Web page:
You can play the game online here.
Back in early 2022 I’d been making one of my regular revisits to 90s videogaming and spent a fun couple of hours playing Wolfenstein 3D by iD Software. I still have vivid memories of downloading and playing this back in 1992 from a BBS. I lived with my parents at the time (I’d have been 16) and I remember running round the house proclaiming “this changes everything, this changes everything”. Nobody cared!
Inspired by the game I had a crack at figuring out what it was doing and writing a raycasting engine using Turbo C. I got something working but it ran at a snails pace and had a strange fisheye effect.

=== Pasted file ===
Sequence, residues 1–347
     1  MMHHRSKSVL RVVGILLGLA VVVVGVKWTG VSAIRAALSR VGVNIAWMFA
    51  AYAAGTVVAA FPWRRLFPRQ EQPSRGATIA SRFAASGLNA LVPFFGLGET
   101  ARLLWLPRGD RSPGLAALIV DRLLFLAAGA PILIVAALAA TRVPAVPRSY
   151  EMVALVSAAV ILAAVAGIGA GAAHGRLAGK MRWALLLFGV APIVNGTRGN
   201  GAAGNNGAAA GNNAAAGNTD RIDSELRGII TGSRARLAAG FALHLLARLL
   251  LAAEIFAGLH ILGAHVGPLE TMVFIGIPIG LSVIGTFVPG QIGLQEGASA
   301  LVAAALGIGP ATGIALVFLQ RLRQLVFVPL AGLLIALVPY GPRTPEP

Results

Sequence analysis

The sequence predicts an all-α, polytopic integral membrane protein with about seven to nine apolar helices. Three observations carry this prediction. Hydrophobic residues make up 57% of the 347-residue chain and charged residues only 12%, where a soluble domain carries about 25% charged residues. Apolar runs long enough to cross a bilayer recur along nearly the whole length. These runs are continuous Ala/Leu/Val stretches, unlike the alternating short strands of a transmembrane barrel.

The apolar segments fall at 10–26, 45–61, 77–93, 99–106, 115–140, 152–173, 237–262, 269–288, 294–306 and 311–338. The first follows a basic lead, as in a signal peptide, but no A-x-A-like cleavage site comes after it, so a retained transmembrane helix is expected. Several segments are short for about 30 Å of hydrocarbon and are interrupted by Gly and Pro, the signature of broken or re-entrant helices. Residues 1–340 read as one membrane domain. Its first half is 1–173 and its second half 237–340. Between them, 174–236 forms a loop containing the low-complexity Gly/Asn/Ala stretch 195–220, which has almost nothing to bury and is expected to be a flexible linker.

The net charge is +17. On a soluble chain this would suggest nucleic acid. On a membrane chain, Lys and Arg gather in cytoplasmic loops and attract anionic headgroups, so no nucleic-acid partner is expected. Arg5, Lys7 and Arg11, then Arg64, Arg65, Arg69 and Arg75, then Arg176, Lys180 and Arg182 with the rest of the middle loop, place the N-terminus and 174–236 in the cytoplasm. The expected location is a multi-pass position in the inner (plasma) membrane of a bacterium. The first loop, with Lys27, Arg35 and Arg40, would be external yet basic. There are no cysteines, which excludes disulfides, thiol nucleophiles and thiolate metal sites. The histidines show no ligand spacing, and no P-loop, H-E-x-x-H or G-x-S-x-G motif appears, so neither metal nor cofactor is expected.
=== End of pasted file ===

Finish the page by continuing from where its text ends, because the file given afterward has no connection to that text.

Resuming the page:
For whatever reason while playing Wolfenstein 30 years later the itch started to itch and I decided I have to have another go. I didn’t set off with the intention of recreating the game and first I just tried to write the simplest raycaster I could:
Just plain walls, nothing clever. The source for this can be found on GitHub: https://github.com/JamesRandall/fsharp-simpleraycaster
Next I moved on to adding textures:
Again the source for this can be found on GitHub: https://github.com/JamesRandall/fsharp-simpleraycaster-textured
It was at this point that I decided to go a lot further and recreate the game for which the full source can also be found on GitHub: https://github.com/JamesRandall/fsharp-wolfenstein
If you want to learn more about how it works, including how to avoid a fisheye effect, I did a talk at JetBrains .NET Day 2023 which you can watch on YouTube:
I also began, but didn’t quite finish, a C# version using Blazor. There are a number of blog posts on this very website about that and you can find the source for that here: https://github.com/JamesRandall/csharp-wolfenstein